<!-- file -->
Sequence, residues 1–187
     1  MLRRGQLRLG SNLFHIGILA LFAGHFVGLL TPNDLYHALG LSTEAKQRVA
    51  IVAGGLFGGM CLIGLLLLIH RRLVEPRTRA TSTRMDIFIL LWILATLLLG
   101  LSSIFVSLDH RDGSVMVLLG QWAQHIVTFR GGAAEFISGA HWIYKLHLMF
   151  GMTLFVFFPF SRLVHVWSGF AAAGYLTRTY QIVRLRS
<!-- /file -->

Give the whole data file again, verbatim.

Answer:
Sequence, residues 1–187
     1  MLRRGQLRLG SNLFHIGILA LFAGHFVGLL TPNDLYHALG LSTEAKQRVA
    51  IVAGGLFGGM CLIGLLLLIH RRLVEPRTRA TSTRMDIFIL LWILATLLLG
   101  LSSIFVSLDH RDGSVMVLLG QWAQHIVTFR GGAAEFISGA HWIYKLHLMF
   151  GMTLFVFFPF SRLVHVWSGF AAAGYLTRTY QIVRLRS